Online UpdateLecture Discusses Oil Shortages, Gas Prices

Paul Roberts, author of “The End of Oil: On the Edge of a Perilous New World,” spoke to a packed Sun Room of the Memorial Union to discuss why the United States, and the rest of the world, are suffering from oil shortages and high gas prices.

A large audience gathered to hear the lecture, entitled “The End of Oil &#0151 Alternatives for the Future,” which focused on issues affecting the oil industry.

“We burn 30 million barrels a year and we’re finding 12 billion a year,” Roberts said. “I think what’s dawning on people is that there is a problem.”

He said Hurricane Katrina, which hit the Gulf Coast early Monday morning, is just the latest scapegoat being blamed for high fuel prices, but the real problems are more complex.

“Economic growth is such a powerful incentive that people aren’t willing to look at their energy usage,” Roberts said. “The oil companies struggle to replace the oil they sell. Companies are finding less oil every year.”

Roberts also said political unrest in oil-producing countries adds to the growing problems.

“Major producers are less stable now than five years ago,” he said. “The world’s most advanced military has been unable to stabilize Iraq. What is it going to do if Venezuela or Saudi Arabia become unstable?”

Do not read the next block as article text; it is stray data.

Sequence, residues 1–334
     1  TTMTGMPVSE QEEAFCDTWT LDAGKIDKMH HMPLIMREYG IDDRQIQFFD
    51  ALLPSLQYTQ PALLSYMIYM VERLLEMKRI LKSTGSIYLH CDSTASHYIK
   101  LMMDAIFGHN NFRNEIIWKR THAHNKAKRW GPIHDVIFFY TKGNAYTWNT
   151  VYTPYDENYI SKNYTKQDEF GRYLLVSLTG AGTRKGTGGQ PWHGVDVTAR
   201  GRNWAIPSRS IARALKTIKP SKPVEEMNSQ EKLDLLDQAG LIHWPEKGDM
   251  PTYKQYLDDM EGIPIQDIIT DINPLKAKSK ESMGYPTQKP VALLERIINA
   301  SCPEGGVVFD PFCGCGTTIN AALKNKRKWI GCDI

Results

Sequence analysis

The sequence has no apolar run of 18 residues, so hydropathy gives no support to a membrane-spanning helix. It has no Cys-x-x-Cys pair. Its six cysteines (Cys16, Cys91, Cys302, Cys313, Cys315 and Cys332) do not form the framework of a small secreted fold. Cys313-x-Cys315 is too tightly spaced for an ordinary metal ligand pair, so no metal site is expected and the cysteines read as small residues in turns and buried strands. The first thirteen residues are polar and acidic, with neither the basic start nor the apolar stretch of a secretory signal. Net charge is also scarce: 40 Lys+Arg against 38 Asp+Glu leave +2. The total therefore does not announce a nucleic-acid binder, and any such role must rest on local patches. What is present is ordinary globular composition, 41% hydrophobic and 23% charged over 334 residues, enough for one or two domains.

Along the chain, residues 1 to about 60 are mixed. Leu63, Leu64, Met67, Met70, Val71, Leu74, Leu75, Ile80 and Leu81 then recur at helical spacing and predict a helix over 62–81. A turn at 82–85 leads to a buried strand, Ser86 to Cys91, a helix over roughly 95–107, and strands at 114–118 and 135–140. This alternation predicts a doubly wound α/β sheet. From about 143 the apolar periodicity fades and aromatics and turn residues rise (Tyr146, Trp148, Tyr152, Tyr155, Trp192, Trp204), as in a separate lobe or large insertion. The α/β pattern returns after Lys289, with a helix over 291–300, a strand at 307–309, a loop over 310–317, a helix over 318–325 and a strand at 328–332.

Roberts said in the past spare oil reserves came to the rescue when there was a supply problem, but with dwindling global reserves in the oil companies, that will not be possible.

“If you think $69 [a barrel] is bad, wait until it is $100,” he said. “There is nothing to stop it from doing that.”

ISU students are feeling the crunch from higher prices as well.

“The cost of rising gas prices is concerning,” said Dan Dempsey, freshman in health and human performance.

Dempsey, a Marine, said the military is reducing the number of Humvees because they are not efficient.

“It’s costing the military too much in gas,” he said.

He said the United States should consider cutting its fuel usage as a means to help alleviate the problem.

Abby Hancock, graduate student in chemical engineering, said getting the same petroleum products in a “cost effective means” is a major area of concern.